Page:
Super Grand Canonical Flats

Final Production Grand Canonical Flats

Pipeline 3 processing will employ flats compiled from long-period runs of nightly flats to improve the statistics over the pipeline 2 method of a simple average over a floating 5 night window. A side benefit will be a simplified processing step. For more discussion on the basis of this proposal, please refer to the earlier discussion on the topic.

To minimize effects of biases introduced by anomalous nights included in the canonicals we have generated the super grand canonical flats from medians of the nightly canonicals. We have started with the original hardware break periods used for flats/darks, looking for which required further subdivision and which could be combined (if they lacked any true distinction in structure).

The conclusion was that only several flats hardware periods were required. Each band of the north warrants 6 periods (though they are not exactly the same for any two bands) and all south bands fall into 4 periods (the same for all bands).

The final production canonical flats summaries may be found on the following pages. Each page contains images of the median flats, the deviations about the median, and the difference between averages and medians for the flats. Note that differences between the two methods are trivial to levels well below 1% and are mostly driven by a scattering of morning flats with slightly different illumination patterns (mostly at J) weighting the averages.

Analysis for Grand Canonical Break Periods

Comparisons between flats from the original hardware break periods follow. Some periods have been further subdivided because of their long duration and slow drift of the flats. These medians have been compared with direct averages, and they only differ at most by less than half of a percent. More advanced trimmed averages would seem to be overkill. The largest deviations (strongest in J band) are related to the following issues:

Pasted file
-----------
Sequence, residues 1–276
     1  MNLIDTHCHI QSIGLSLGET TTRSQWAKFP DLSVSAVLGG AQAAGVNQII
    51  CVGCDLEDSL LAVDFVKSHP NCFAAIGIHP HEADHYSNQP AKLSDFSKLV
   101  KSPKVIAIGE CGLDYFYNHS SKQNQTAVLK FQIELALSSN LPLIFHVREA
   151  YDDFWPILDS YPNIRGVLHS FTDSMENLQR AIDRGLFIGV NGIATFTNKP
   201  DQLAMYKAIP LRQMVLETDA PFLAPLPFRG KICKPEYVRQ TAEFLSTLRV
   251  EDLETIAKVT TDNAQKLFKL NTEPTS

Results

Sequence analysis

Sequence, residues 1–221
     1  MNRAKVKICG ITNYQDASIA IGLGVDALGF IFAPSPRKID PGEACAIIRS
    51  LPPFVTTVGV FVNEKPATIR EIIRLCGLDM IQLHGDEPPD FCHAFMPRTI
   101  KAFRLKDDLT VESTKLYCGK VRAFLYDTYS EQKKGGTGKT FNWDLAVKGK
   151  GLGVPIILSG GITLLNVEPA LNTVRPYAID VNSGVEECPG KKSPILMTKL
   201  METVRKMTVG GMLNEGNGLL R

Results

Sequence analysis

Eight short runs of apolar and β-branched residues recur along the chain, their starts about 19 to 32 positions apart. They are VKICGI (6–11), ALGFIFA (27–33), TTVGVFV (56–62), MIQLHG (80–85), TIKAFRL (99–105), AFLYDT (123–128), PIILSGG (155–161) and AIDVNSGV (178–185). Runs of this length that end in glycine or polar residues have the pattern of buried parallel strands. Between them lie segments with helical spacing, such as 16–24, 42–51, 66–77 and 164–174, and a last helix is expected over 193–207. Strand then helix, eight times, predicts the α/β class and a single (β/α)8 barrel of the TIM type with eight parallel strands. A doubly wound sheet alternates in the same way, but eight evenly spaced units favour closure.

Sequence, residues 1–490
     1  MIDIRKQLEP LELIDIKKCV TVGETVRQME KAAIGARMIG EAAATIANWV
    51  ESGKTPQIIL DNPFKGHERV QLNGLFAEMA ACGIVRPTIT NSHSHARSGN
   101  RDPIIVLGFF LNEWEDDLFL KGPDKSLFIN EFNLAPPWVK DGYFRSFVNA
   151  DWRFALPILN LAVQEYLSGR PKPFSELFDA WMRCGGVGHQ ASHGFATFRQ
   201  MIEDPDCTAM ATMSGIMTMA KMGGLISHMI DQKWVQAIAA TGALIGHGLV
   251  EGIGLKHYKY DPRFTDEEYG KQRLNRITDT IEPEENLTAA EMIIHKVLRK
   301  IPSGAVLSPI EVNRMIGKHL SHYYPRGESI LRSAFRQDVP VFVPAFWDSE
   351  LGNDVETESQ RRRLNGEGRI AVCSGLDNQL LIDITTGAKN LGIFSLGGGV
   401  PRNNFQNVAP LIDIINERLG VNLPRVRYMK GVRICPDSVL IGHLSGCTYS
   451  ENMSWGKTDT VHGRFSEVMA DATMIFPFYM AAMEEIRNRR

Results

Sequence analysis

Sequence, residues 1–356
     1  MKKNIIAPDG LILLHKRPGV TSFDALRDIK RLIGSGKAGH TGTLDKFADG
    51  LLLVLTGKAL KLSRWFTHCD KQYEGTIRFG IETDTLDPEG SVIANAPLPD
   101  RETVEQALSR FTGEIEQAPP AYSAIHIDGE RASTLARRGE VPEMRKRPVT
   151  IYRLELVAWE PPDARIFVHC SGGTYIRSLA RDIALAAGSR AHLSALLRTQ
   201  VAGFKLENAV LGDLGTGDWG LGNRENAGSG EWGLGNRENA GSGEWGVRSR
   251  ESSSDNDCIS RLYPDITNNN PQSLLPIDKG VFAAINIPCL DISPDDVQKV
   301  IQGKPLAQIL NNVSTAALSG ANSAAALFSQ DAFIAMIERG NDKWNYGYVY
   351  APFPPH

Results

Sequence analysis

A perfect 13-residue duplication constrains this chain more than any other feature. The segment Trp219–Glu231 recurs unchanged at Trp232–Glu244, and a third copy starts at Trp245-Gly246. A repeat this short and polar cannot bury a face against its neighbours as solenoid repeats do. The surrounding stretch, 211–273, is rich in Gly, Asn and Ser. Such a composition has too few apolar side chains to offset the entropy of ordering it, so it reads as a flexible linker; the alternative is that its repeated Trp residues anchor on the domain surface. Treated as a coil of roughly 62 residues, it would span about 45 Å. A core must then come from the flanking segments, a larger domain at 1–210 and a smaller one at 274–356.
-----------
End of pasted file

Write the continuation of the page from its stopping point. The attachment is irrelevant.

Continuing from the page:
Images of the super grand canonical flats and deviations about the mean may be found on the following pages:

Examination of the souther residual images above supports Mike's suggestion that the long term low-level variation of the flats may be related to seasonal shifts in illumination, not detector drift. Examining the third column of difference images (super-grand canonicals minus the super-duper-grand canonicals), there are similar illumination patterns seen in periods 06a/07 and 06b/08 which cover similar date ranges in different years (see table below). Therefore adopting a more uniform canonical flat averaged over a longer period may give more consistent cross-scan biases.

Following this suggestion, it looks like the southern data may be separated into 4 flats periods: 01-02, 03, 04-05, 06-08, with breaks falling at real differences in electronics and window cleanliness (the differences between 01-02 and 03 are not obvious at K band, but it would be less confusing to use the same breaks for all bands).

Canonical flats periods are summarized below: